Reflections On Time: Part I

I have never been more aware of TIME than I have as a parent.

It has become more intimate to me, like an old friend. I have seen how it can change, moment to moment. I understand its’ need to march on.

There I am, on the playground, helping Maddie, now 2, navigate the play structures. She is hesitant, curious, so NEW to it all. Other children rush by, so loud and clumsy. I worry about them trampling my young daughter. They touch her, to help, to play, and I go on high alert, wary of their influence. I wonder where the parents are, appalled at their lack of supervision.

And then, I BLINK, and I am on the other side. We are at the very same park. Maddie, now 4, runs across the sand. She stops to help a toddler off the slide. The mother is there, smiling, but nervous, scanning the play area. I know she is looking for me, the unseen parent, safely ensconced on my bench, my iPhone in hand.

There I am, in our bedroom, holding our 3-month old daughter, Juliet, content and peaceful, listening to the world spin outside.

I BLINK and I am suddenly in the car, looking back at Juliet wiggling in her car seat, as I race to pick up Maddie from preschool. Then racing to the grocery store. Racing to her soccer class. Making dinner. Giving her a bath. Reading books. I do not notice when night falls anymore, but I know it will happen, and I am not surprised when I look out and see the moon instead of the sun.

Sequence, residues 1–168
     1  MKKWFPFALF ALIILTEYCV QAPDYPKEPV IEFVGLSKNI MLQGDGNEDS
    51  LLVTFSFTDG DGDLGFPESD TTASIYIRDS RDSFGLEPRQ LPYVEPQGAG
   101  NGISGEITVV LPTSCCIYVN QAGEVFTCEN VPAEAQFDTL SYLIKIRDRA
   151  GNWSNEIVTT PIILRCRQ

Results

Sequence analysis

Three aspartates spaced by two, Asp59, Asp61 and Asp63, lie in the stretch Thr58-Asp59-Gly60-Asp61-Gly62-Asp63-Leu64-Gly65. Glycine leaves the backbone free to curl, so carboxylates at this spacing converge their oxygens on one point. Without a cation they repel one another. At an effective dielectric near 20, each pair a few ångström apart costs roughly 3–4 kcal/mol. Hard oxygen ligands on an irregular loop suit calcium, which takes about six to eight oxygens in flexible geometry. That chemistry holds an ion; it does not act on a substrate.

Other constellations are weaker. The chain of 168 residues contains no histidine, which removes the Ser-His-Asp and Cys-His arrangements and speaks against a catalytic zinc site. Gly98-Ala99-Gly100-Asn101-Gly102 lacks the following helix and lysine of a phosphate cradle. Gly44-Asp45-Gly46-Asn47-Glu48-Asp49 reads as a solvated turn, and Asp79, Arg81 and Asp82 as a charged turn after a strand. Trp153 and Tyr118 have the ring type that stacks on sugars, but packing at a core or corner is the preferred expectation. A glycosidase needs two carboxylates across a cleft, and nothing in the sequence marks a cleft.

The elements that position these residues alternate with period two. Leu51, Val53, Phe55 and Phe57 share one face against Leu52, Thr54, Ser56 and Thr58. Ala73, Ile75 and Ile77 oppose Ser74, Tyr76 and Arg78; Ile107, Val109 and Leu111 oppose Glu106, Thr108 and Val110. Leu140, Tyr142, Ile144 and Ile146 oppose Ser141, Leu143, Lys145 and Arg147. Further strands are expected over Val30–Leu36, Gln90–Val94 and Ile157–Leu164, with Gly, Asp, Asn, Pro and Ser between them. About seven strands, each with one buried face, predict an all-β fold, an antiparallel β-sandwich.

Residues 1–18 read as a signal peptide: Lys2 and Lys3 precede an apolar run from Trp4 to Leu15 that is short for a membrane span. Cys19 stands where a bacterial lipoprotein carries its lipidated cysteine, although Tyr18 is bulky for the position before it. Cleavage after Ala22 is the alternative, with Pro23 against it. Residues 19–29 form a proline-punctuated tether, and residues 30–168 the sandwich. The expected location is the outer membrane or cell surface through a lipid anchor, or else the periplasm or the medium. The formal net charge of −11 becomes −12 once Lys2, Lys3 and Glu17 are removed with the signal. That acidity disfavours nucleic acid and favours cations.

I cherish the still moments of the day, and appreciate any TIME that is given to me.

All I need is 5 minutes…to do a load of laundry, or wash the dishes, or pay some bills, or take out the trash, or read the newspaper, or mow the lawn, or hang a picture, or check email. I have learned to chip away at tasks. Maddie’s playhouse is about halfway complete, built entirely in 20 minute intervals. I have been working on it for 10 years now.

There I am, waving goodbye to Juliet as she follows the line of tiny kids into their classroom. It is her first day of Kindergarten. Maddie is in 5th grade, an elementary professional. Juliet has tagged along all this time, now it is her turn. She is excited. 

I BLINK and we are at Maddie’s 8th Grade Graduation. She is waving to us from across a sea of people, confident and proud. So tall now, with a beautiful smile, and eyes that seem to say, “Thanks dad, I’m good.” 

I look down at Juliet who is smiling. She sees her sister but she is bored and anxious, looking for something to do. I am afraid to BLINK.

I think about the future a lot and I try to prepare.

I think about the past a lot, too, with a warm fondness and a deeper appreciation.

All I can do is play along and hope that TIME is kind to me

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